and having a population of 179, are in the parish of Dalmellington. The
village Of BENQUHAT has a population of 772.
Going north‑east from the town of Dalmellington, the
New Cumnock Road shortly turns eastward, up Cumnock Burn, beautifully
wooded for some distance, and flanked with lofty hills. On its north side
is the precipitous Benbeoch, 1521 feet high, affording a grand view of New
Cumnock vale and hills. Going south of the town, the banks of Doon River
become richly adorned with plantations up to Loch Doon, three miles.
The loch lies between high moors, is six miles in
length from north to south, and three‑quarters of a mile broad near its
middle, but its general breadth is less than half‑a‑mile. It contains
several small islands, and on one of them, at the south end, the ruins of
an old castle. It is the largest lake in Ayrshire, and far the most
famous for trout angling. Its east shore, as far as the widest part, is
in Dalmellington parish, and south of that is in Carsphairn parish,
Kirkcudbright. Though Loch Doon and the mansion of Barbeth, a mile north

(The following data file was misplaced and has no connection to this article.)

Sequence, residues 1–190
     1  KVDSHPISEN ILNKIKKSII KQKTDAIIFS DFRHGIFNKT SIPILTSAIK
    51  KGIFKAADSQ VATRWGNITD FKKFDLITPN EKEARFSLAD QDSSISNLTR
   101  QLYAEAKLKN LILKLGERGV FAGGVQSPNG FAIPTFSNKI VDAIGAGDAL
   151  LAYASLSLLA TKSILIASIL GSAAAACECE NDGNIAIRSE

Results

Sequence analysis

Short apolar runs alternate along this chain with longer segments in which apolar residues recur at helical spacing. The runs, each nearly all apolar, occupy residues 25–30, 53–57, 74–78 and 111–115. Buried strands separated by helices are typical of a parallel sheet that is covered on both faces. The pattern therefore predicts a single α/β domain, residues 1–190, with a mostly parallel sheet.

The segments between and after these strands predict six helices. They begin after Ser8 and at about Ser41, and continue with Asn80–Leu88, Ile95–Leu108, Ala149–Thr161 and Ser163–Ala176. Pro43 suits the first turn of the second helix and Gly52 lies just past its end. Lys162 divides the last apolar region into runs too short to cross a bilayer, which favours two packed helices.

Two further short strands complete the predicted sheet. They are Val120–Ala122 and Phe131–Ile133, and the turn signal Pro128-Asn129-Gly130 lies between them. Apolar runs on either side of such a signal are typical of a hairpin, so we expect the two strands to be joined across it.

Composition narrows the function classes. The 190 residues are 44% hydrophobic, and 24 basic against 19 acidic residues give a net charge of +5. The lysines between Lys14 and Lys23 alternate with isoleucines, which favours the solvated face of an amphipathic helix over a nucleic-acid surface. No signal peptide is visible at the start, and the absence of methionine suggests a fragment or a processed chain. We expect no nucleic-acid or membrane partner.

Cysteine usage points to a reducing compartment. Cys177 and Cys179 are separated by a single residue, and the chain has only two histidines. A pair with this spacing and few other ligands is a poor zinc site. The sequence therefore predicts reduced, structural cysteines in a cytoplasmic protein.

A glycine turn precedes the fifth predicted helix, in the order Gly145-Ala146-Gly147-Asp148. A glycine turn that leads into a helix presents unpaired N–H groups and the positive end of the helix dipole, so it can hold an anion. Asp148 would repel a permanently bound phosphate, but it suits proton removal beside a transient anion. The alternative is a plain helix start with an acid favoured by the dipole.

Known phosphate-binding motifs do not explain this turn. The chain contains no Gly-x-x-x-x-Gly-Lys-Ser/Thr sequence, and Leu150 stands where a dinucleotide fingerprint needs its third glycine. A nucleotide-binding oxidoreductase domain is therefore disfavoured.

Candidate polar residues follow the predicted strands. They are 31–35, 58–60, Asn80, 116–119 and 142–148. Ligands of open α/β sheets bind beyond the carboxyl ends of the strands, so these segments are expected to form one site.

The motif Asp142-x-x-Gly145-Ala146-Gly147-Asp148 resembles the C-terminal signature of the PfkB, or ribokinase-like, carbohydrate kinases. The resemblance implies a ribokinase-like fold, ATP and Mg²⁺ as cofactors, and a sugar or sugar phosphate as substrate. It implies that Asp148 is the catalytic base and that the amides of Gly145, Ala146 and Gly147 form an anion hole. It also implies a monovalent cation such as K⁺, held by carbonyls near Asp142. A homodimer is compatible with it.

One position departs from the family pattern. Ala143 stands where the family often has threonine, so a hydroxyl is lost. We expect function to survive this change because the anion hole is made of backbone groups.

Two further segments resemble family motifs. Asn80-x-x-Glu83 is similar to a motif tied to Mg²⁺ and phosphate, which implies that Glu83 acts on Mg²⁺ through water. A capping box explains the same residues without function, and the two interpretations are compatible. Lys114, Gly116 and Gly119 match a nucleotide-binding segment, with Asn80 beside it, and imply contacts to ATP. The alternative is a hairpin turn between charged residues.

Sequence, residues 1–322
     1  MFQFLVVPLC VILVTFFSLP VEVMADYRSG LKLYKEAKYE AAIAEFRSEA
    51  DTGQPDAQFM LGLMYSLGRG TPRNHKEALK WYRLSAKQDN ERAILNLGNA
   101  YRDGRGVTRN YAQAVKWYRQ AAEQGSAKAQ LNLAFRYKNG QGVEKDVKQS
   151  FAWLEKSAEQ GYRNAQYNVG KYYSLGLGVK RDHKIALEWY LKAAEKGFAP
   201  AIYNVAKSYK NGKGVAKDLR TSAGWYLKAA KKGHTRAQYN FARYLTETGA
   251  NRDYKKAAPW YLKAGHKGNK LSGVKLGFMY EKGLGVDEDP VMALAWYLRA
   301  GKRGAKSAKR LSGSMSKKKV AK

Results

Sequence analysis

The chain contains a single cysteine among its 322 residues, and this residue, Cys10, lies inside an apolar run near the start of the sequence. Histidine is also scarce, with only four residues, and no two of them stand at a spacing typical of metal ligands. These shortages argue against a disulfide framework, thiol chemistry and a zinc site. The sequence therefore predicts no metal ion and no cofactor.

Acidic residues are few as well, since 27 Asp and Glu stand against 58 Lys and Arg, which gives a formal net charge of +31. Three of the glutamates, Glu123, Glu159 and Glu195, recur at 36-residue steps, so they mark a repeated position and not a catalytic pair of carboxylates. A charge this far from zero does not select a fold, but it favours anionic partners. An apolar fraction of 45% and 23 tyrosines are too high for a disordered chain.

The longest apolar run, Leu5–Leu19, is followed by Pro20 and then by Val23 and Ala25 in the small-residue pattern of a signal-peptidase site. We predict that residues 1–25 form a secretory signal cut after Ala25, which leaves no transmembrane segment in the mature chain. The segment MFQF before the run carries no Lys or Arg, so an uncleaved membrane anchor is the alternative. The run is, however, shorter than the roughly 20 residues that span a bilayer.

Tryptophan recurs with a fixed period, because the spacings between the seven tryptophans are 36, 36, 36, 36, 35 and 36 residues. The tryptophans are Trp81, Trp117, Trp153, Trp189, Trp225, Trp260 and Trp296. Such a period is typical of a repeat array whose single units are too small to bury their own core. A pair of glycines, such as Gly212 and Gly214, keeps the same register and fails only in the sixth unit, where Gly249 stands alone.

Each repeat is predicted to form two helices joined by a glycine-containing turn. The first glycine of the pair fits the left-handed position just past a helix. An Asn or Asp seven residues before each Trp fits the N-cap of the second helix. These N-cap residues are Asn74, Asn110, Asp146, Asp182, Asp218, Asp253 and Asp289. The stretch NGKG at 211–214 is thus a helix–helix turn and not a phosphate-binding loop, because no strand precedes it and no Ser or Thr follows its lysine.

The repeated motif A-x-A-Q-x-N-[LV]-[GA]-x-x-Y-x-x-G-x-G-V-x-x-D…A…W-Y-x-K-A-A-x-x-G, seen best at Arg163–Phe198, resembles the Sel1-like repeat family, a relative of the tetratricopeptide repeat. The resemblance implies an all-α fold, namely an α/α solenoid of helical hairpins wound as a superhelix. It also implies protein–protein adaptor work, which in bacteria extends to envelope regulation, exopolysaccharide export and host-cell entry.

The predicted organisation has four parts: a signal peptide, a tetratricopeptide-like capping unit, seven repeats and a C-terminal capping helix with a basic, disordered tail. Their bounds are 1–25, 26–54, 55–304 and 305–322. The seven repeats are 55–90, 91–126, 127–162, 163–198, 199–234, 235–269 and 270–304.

of it, belong to the environs of Dalmellington, they are in the parish of
Straiton. The main feeders of the loch are Gala Lane and Carrick Lane,
rising seven miles to the south, in Kirkcudbrightshire. The river Doon,
issuing from the north end of Loch Doon, descends at once into the bosom
of Glen Ness, an amazingly narrow and deep ravine ‑ a few yards wide, 200
feet deep, and nearly a mile in length. There is a footpath along its
bottom, hewn out of the rock, a few feet above the current. The rugged,
perpendicular, rocky walls of each side, which are only the length of a
fishing rod apart, are beautifully variegated with a rich diffusion of
tangled botanic greenary, sprinkled with flowers, the slender leafy
branches of trees interlacing overhead, away up, up, and up among the
love‑throated birds, to a glimmering streak of sky. It is almost
frightful, and exceedingly beautiful. Emerging from Glen Ness and Berbeth
Woods, the river gradually veers from a north to a north‑west direction,
through bogs and meadows for some miles, especially fine on sunny days in
the haymaking season, its brows becoming again graced with woods past
Patna and Carnochan, and so continuing, with few breaks, to the sea. Its
length from Loch Doon is about 22 miles.